What was the NCP building? Activities in the trade union movement. I remember having long conversations with a comrade who derided me for the way I was in the NUT at my school. He told me those people were using me. I argued against this and the comrade let time be the judge – exactly as he described. As the union rep I stood up against my head who was a beta-blocked bully. He did not bully me, just weaker members of staff – he simply did not promote me. In my previous school I had been passed over for Deputy HOD, and after 6 years in this school I was still main grade. It was an accepted fact in the school that I was being victimised by the head. In fact at one stage he started a warnings procedure so I resigned as union rep and within a term he had given me a bonus. Now the comrade suggested I should be working within the union branch supporting someone else. I remember having an argument with one of the members after I resigned. She told me she signed a letter agreeing that I was only acting as a representative. But the head knew enough to call their bluff. The head knew that he could victimise me because he knew the staff would not do more than write letters. I told the members that if I was being victimised by the head because of my union position then it was up to the members to respond up to and including industrial action to defend their representative. I only told them this in retrospect, I never asked them to support me in this way when I was the rep – they would never have done it. And the head knew it. Were the members wrong? In a way. But I was foolhardy at the same time, I sacrificed promotions in that 6 years for the union – not that important, in fact once I resigned as union rep I did some private tuition for a couple of hours a week earning the same amount of money promotion would have given me. Career-wise I might not have progressed but financially I didn’t lose out.

By the time I resigned as union rep I had burned out. Now I burned out during the First Gulf War where I was organising for and attending peace demos at the weekend , and doing vigils and activities during the week. I suppose the nearest medical term was chronic fatigue. My political activity began when I moved to Brighton, and I started initially in lobby groups on international issues. Whilst the people involved in the group were quite nice people they were far from activists – I was far more fervent. Now that fervency took me to borderline non-democratic positions. This came to a crunch when I had a disagreement with an Oxfam officer. Now he had personal antagonism towards political activists, and he blocked me from doing something that was significant – I can’t remember what. How I worked was that in a meeting there would be a vote on a proposal. Once agreed I then went away and worked hard on establishing that proposal. By the next meeting the proposal had become some form of action. The other members of this small group therefore felt excluded – understandably. I said I was only following the proposal and I asked that they help me but they were not committed. Their alienation led them to complain to the Oxfam guy, and he stifled my activity. I understand his position, he was less interested in the activity and more interested in having people support Oxfam – he gained supporters from the small group when he stifled me. I understand the people because they were only interested in doing a bit. And it taught me that these lobbying groups were not places for serious activity, and this led me to be active in the trade union movement.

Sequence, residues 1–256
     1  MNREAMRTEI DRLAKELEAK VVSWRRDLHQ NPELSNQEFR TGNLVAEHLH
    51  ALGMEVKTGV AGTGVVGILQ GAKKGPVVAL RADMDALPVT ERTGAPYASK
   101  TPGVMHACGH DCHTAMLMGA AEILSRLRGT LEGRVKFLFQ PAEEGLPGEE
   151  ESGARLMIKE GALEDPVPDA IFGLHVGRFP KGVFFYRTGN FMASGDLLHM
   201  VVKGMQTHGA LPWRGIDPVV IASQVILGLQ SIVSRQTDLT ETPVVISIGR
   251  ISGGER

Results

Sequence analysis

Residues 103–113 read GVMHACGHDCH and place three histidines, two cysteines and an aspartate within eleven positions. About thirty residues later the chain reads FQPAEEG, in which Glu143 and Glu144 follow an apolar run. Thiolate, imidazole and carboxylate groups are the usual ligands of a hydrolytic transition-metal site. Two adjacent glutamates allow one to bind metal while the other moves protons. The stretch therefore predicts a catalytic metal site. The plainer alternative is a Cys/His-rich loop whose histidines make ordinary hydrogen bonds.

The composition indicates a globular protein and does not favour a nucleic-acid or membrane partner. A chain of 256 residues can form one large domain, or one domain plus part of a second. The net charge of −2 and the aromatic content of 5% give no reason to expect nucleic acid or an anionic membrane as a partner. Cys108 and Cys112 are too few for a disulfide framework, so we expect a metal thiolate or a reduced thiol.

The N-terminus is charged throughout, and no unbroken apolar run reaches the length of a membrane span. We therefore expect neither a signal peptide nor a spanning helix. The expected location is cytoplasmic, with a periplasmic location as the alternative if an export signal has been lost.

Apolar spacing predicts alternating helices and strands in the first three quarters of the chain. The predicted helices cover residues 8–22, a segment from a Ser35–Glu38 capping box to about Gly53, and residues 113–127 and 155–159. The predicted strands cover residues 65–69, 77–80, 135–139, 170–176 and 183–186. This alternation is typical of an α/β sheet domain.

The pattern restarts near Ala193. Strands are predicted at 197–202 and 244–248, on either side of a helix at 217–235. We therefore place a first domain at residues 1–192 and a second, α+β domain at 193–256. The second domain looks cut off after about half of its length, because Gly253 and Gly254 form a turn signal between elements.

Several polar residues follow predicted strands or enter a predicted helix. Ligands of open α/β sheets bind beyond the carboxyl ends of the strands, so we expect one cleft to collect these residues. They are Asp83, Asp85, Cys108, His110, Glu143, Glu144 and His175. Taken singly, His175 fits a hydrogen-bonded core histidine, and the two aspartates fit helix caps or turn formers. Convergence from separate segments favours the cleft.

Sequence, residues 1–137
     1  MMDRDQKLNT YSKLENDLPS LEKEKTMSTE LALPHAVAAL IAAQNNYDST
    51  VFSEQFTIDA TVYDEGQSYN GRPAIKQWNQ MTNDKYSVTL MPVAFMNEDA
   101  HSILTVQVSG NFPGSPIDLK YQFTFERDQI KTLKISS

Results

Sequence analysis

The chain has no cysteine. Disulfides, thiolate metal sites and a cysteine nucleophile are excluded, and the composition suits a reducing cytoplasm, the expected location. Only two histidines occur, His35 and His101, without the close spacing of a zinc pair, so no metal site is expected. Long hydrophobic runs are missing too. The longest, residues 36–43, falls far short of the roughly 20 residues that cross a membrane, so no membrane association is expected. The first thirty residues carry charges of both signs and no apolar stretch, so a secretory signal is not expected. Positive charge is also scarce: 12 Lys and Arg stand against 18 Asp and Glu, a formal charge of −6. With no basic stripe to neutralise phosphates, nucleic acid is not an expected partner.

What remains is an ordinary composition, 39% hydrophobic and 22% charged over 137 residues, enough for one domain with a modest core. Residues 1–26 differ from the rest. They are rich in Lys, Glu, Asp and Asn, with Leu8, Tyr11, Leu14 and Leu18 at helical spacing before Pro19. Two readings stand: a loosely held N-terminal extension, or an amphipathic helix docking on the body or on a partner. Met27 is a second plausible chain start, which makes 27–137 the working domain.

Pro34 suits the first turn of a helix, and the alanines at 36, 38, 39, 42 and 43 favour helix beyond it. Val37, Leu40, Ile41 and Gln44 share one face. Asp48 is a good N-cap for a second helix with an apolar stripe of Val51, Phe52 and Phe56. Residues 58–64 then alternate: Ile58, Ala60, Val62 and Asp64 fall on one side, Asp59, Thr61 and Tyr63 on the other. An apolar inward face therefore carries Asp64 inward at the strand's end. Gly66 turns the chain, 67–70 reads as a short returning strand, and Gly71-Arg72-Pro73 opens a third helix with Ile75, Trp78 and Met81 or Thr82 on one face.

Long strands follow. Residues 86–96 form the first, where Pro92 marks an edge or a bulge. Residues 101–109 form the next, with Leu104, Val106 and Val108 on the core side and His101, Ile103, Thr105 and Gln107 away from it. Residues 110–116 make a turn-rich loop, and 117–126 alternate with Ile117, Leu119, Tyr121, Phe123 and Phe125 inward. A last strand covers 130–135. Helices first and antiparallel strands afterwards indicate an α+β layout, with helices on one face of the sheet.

My crowning achievement at this time was worthwhile, it was a conference about International Trade Union Solidarity. I brought together a small local Labour lobbying group, the Labour Aid and Development Committee, the local Trades Council, and Oxfam. It took me a long time to build this conference with token support from members of the groups and tacit support from the Oxfam guy, and by the time the conference had finished I had moved on as I will explain. Now the basis of the conference was a group of workshops with reputed facilitators. About 35 people attended and all people reported that they gained from the workshops. I felt good. But I mostly remember the plenary session. I had organised a dance as a fund raiser in the evening, and the star turn was the “Sisters of the Long March”, a group of South African women dancers connected with the Moses Mayekiso campaign. This typically drab plenary was winding up, and unbeknownst to me beforehand these women jumped up from the back of the hall ran to the front and started dancing. It was great, they were promoting the gig in the evening but for me their performance happened at the conference. But this conference was a one-off, and in this sense the Oxfam guy was right – the movement is not about one-offs. I didn’t start it as a one-off, I just worked on it. I would liked to have seen it go further. But no-one was with me. The Oxfam guy blamed me for this, but he was more motivated in keeping people interested in Oxfam. My speed was too fast, but without my energy nothing would have happened. For the Oxfam guy nothing happening didn’t matter so long as the people felt happy with Oxfam and remained as donors. I felt he had been tainted by his position but working in the movement is long term and I was just starting. But it can’t be right that nothing happening is the position you support.